Climate Change – Inverse Modelling Assessment of Greenhouse Gas Emissions from Ireland

ERTDI Report 35 – Jennings et al.

Summary: An analysis of the Mace Head atmospheric record to provide a synthesis estimate of the fluxes of CO2, CH4 and N2O for Ireland over the period 1995–2000.The proposed atmospheric method is entirely independent of statistical inventories, and therefore constitutes a unique ‘top–down’ verification of Irish greenhouse gas emissions inventories.

Published: 2006

ISBN: 1-84095-165-6

Pages: 21

Filesize: 1,742KB

Price: Free to download / €7 for a printed version

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Executive summary

The Kyoto Protocol requires that countries establish a national accounting system and quantification of their sources and sinks of greenhouse gases before the commitment period 2008–2010.

Generally, national inventories report greenhouse gas emissions by sectors or activities, using emission factors and statistics. In certain cases, inventories have been shown to be inaccurate due to regional and temporal variations of emissions factors or due to the omission of important sources.

The scope of this work is to analyse the Mace Head atmospheric record to provide an estimate of the fluxes of CO2, CH4 and N2O for Ireland over the period 1995–2000. The method is independent of statistical inventories, and therefore constitutes a ‘top–down’ verification of Irish greenhouse gas emissions inventories.

Radon-222 (Rn- 222), a radioactive noble gas emitted by soils is used to infer fluxes of the major European greenhouse species from the Mace Head data. The method uses correlation between synoptic changes in atmospheric Rn-222 taken as a reference tracer of continental (non-oceanic) sources, with changes in other species also measured at the site.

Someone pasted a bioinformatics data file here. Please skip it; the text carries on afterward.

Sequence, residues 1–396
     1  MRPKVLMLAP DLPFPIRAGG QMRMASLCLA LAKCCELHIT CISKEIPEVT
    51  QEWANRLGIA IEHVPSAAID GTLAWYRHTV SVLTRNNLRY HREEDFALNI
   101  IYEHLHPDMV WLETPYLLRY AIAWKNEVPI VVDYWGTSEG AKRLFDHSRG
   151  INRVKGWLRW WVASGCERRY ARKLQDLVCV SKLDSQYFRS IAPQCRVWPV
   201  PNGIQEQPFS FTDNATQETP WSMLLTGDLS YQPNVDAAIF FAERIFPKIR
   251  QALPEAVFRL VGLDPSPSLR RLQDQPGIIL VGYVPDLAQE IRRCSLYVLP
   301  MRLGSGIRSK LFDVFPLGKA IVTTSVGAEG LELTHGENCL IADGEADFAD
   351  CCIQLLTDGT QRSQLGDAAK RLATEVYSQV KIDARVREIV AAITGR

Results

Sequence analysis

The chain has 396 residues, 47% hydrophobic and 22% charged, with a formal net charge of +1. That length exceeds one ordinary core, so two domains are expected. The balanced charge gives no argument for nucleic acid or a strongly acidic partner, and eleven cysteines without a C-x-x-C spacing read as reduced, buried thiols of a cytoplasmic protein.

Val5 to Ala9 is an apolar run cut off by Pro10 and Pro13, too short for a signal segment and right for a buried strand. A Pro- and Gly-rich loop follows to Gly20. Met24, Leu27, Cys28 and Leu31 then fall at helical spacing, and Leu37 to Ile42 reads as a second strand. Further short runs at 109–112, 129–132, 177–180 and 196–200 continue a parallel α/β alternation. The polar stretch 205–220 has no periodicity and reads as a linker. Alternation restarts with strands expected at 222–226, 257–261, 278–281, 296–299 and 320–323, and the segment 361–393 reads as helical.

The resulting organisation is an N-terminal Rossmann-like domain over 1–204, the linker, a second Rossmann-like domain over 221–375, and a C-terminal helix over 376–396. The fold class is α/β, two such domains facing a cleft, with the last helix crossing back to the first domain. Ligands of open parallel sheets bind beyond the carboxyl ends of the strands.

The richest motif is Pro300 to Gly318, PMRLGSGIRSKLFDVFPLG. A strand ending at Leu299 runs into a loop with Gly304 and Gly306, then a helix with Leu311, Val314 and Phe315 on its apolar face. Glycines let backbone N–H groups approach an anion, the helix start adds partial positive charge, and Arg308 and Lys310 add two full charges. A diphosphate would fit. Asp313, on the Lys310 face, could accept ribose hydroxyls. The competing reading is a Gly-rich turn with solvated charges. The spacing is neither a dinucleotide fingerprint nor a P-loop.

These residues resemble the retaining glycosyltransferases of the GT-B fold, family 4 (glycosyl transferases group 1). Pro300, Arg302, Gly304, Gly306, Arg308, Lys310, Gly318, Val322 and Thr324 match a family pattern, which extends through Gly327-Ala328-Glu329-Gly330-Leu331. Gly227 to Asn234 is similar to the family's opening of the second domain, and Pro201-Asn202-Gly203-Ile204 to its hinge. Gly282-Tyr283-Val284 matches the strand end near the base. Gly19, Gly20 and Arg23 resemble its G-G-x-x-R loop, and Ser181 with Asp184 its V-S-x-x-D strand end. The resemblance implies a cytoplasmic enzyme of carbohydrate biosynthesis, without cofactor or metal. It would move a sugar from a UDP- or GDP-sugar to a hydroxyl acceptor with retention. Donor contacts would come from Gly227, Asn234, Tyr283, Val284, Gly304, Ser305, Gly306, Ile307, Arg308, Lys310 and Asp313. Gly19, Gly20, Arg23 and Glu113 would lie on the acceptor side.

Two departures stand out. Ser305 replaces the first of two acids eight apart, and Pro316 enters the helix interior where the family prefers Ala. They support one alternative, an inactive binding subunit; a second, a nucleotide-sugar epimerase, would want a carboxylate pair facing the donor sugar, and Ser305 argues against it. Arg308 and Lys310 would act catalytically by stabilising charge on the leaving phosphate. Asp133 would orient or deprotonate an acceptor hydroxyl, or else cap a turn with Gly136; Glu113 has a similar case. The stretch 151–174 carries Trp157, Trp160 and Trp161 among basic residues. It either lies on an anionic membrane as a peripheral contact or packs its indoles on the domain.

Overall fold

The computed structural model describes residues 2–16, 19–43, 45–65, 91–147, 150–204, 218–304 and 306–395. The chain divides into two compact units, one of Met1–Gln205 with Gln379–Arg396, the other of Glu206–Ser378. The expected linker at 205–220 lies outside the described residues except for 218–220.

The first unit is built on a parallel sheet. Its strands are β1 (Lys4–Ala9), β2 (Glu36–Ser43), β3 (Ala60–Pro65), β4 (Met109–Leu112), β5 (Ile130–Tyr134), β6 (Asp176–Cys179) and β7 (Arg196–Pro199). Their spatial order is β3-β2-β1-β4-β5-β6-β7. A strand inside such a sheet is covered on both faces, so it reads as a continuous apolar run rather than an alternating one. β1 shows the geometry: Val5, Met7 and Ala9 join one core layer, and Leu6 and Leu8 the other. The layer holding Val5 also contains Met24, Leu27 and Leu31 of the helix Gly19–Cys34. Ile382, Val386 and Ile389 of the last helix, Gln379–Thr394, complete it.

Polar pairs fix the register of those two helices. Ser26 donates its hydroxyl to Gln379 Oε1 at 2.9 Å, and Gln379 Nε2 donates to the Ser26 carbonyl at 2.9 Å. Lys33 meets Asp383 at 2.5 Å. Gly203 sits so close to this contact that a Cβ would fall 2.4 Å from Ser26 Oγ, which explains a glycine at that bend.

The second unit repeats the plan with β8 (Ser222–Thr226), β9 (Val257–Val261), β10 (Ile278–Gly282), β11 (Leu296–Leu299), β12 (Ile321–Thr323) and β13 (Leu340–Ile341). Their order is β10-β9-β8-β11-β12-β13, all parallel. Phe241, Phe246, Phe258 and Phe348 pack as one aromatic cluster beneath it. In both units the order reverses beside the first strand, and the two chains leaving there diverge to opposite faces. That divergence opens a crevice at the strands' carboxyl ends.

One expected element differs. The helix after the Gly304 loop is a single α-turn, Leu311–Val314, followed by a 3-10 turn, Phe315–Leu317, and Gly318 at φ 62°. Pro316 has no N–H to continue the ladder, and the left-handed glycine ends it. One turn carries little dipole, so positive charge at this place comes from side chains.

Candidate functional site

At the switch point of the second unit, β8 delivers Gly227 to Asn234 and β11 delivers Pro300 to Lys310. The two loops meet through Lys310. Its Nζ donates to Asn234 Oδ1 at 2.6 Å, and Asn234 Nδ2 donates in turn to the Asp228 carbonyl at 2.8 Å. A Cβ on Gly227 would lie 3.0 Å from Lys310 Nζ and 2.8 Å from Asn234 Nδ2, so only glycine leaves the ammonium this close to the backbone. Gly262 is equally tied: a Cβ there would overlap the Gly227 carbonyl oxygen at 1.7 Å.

The measurements of Lead-212 (Pb-212) provide a fingerprint of regional air masses of recent origin (half a day) while Rn-222 acts as a medium-range continental tracer at synoptic time scales (about 4 days). Therefore, Rn-222 and Pb-212 are used to indicate continental sources in order to restrict source estimates to Ireland and avoid inclusion of remote European emissions.

Regression between gas species x and Rn-222 flux is used to infer the flux of x. Due to the uncertainty of Rn-222 fluxes over Ireland, Rn-222 flux measurements have been made during two intensive campaigns (October 2000 and July 2001) to determine the spatial variability of Rn-222 efflux from Irish soils by carrying out measurements over different soil types. Seasonally averaged emission fluxes for CH4, N2O and CO2 over Ireland were determined for the 1995–2000 period.

Mean flux densities are of the order of 220 × 103 kg C km–2 year–1 and 900 × 103 kg C km–2 year–1 for CO2 during wintertime and summertime, respectively. The annual averaged emission flux for CO2 for the period 1995–2000 is estimated to range between about 560 and 595 × 103 kg C km–2 year–1.

Using the total area for Ireland of 85,055 km2, this converts to 4.76–5.06 × 109 kg C year–1, which can be compared to the net CO2 emissions for Ireland (EPA, McGettigan – private communication). The average net emissions of CO2 for the period 1995–2000, inclusive, are 3.9 × 109 kg CO2 equivalent.

This is within 22–30% of the atmospheric flux derived emission carbon values. This methodology for inferring greenhouse gas emission fluxes is quite promising, but requires further studies of the spatial and seasonal variation of Rn-222 efflux from the Irish soil.

The use of air mass back trajectories, which show their origin within selected Irish regions, will be a useful tool in the estimation of greenhouse gas emissions on a regional basis within Ireland.